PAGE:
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Irish Druids And Old Irish Religions

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Author Topic: Irish Druids And Old Irish Religions  (Read 4751 times)
Crissy Herrell
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« Reply #15 on: February 19, 2009, 01:16:16 pm »

Laeghaire at Tara. One, Lochra, hardened the King's heart against the preaching; so "the Saint prayed that he might be lifted out and die, even as St. Peter had obtained the death of Simon Magus. In an instant Lochra was raised up in the air, and died, falling on a stone." This Lochra had, it is said, previously foretold the Saint's visit:--

"A Tailcenn (baldhead) will come over the raging sea,
With his perforated garments, his crook-headed staff,
With his table (altar) at the east end of his house,
And all the people will answer--'Amen! Amen!"

The authoress of Ireland, the Ur of the Chaldees, ventured to write:--"When the Apostle of Ireland went there, the people believed him, for he taught no new doctrine." She thought Druidism not very unlike Christianity. Dr. O'Donovan, upon the Four Masters, observes:--"Nothing is clearer than that Patrick engrafted Christianity on the pagan superstitions with so much skill that he won the people over to the Christian religion before they understood the exact difference between the two systems of beliefs; and much of this half pagan, half Christian religion will be found, not only in the Irish stories of the Middle Ages, but in the superstitions of the peasantry of the present day." Todd sees that worldly wisdom in "dedicating to a Saint the pillar-stone, or sacred fountain."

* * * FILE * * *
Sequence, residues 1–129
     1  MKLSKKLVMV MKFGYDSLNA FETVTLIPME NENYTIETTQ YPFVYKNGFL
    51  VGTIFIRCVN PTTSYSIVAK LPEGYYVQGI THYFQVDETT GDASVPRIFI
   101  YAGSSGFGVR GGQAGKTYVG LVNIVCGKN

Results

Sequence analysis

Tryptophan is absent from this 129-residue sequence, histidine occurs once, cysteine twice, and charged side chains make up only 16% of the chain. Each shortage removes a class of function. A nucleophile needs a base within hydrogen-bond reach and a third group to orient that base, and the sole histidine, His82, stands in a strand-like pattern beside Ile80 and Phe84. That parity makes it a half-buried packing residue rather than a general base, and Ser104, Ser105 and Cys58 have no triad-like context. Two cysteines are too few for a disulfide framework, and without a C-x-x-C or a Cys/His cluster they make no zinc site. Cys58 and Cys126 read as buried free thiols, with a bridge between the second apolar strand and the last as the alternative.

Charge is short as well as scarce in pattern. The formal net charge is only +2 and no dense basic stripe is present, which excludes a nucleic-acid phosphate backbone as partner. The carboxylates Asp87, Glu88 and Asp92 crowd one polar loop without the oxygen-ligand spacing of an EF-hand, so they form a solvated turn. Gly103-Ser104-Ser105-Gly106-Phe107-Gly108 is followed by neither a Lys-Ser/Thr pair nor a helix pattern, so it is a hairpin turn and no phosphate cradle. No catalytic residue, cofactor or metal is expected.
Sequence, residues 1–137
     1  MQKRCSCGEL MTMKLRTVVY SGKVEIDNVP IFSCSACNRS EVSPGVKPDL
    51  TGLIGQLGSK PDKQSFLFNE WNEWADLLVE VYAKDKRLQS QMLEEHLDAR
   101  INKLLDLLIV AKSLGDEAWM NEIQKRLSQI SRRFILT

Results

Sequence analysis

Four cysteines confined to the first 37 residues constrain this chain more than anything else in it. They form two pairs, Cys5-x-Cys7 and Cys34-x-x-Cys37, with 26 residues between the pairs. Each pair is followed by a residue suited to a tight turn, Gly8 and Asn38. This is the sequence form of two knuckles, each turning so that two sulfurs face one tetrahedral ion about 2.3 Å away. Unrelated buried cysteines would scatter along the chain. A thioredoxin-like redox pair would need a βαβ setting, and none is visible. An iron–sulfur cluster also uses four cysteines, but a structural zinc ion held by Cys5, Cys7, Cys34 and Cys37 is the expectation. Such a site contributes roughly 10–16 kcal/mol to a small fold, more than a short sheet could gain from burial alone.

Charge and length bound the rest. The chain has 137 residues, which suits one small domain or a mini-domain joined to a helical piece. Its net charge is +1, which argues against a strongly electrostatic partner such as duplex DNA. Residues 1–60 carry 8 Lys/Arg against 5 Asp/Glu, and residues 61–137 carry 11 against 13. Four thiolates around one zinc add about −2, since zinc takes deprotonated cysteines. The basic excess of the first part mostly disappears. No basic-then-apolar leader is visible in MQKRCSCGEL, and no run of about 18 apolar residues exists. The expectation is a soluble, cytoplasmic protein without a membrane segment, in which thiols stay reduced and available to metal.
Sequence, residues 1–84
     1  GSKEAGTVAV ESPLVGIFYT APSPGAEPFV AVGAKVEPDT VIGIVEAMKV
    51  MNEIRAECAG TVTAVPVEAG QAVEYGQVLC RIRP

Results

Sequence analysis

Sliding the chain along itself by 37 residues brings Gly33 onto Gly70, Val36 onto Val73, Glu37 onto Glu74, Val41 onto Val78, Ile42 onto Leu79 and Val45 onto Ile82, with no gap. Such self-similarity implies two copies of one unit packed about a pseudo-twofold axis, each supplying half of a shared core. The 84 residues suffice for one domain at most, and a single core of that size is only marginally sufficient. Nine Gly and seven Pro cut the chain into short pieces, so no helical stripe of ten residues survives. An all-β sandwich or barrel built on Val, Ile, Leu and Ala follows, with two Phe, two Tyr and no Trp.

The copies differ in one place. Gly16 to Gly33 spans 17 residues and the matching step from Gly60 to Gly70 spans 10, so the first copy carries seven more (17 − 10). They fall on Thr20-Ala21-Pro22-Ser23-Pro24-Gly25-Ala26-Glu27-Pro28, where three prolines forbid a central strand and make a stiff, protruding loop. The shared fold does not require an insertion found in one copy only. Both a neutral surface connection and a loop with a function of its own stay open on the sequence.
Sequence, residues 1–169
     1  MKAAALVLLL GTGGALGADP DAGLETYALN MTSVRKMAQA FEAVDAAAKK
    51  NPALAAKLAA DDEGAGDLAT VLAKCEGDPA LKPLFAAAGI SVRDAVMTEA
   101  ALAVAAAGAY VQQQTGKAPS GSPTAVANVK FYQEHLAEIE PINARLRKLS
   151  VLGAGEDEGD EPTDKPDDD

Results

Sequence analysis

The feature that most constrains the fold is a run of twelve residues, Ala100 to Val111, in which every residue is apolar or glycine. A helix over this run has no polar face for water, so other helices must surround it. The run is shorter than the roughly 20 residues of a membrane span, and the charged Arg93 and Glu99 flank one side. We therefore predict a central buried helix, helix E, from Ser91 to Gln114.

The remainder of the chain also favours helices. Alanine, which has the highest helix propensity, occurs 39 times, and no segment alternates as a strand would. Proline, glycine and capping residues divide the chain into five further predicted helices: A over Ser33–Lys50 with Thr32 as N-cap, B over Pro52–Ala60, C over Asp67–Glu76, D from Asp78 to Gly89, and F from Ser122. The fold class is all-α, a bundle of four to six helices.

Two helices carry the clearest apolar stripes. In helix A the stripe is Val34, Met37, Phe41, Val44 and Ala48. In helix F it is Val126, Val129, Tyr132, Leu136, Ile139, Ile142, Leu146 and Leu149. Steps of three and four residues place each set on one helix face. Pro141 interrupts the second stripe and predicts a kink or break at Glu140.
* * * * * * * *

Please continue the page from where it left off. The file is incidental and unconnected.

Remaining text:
It is not necessary to discuss the question as to the individual Saint himself, around which so much controversy has raged. They who read theology between the lines of old Irish history may be induced to doubt whether such a person ever existed, or if he were but a Druid himself, such being the obscurity of old literature.

St. Bridget's early career was associated with the Druids. A miracle she wrought in the production of butter caused her Druidical master to become a Christian.

p. 30

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